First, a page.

The tranquility and darkness of this time of year can bring us deeply inward. For many, this can be a time of inward quiet and retreat. For others, SAD (Seasonal affective disorder) may show up.
Emotions like sadness, irritability or extra sensitivity can arise within a person, for known or unknown reasons during this season. Personal loss, illness, global tragedy, loneliness, and stress can be triggers, but not necessarily. “I can’t believe how dark it gets here so early”, shared a friend from Portland, OR, who was recently visiting. Interestingly, the dark seems to be the primary spark or trigger to SAD. Biologically, the longer dark nights and shorter days can increase the melatonin (sleep producing hormone) and decrease serotonin (brain chemical that effects our mood). The dark or lack thereof can bring sadness and other symptoms that can look similar to depression, only seasonally. For example – lack of interest in things, isolating, changes in mood, sleep, and appetite, low energy. SAD typically begins in fall and goes through the winter.
Luckily, there are many ways to help you cope with the darkness. Light therapy can be helpful; this may modify the melatonin levels in your body. Exercise! Endorphins are released in your body when you exercise that can trigger positive and energizing feelings. Being outside in nature helps a person feel better too, breathing in the fresh air, listening to the winter birds, smelling the winter smells of evergreens or other natural aromas. Use those creative energies within you! Play music, dance, make some art, write a letter, poem, story, build something with wood, metal….the list goes on and on with possibilities of endless creative ideas!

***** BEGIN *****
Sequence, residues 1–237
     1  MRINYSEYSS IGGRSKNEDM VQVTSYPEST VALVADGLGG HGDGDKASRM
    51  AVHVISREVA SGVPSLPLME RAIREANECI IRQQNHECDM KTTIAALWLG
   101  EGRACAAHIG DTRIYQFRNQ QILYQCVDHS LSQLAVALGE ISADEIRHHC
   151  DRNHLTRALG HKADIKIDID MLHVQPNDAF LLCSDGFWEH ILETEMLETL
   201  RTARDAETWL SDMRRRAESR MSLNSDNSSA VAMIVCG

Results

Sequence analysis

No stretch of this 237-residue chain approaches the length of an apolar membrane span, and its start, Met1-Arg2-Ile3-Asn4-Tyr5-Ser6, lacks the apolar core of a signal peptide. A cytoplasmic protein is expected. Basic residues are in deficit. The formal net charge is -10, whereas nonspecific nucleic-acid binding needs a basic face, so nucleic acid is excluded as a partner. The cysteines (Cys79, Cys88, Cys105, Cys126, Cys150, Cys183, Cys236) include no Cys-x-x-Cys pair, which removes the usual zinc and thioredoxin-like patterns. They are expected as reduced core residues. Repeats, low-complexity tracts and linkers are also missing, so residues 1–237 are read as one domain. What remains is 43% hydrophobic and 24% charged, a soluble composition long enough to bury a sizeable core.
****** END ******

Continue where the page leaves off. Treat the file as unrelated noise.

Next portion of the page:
Socialize! Isolation and loneliness can be detrimental, not only mentally but also physically. Loneliness can impact our immune system, causing us to get sick more often. Being social with others is essential, having folks to talk, share, and laugh with. Laughter can definitely be one of the best medicines! Watch funny movies every once in awhile! Go to local events, get out in the community and find place to gather with others.
Neurological Integration System (NIS) is a healthcare system that can also make a difference in SAD. NIS recognizes in your body hormonal, emotional and neurological circuits that may not be firing correctly, which causes multiple symptoms. If SAD has compromised your immune system, NIS is also helpful for immune system issues. I’ve recently began practicing NIS on Lopez Island and Friday Harbor and am happy to talk with you more about this, if you’re interested.
Also, if you feel like you want a little herbal assistance with SAD during the fall/winter time, St. John’s Wort is a good option to alleviate mild-moderate symptoms. Always check with an herbalist and/or your healthcare practitioner if you have any questions about it, especially if you’re taking a variety of prescription medications. Some have contraindications with St. John’s Wort, but not all. I am happy to answer questions for you.
Take care of yourselves during this dark time!
Health, Happiness, Love and Blessings to you!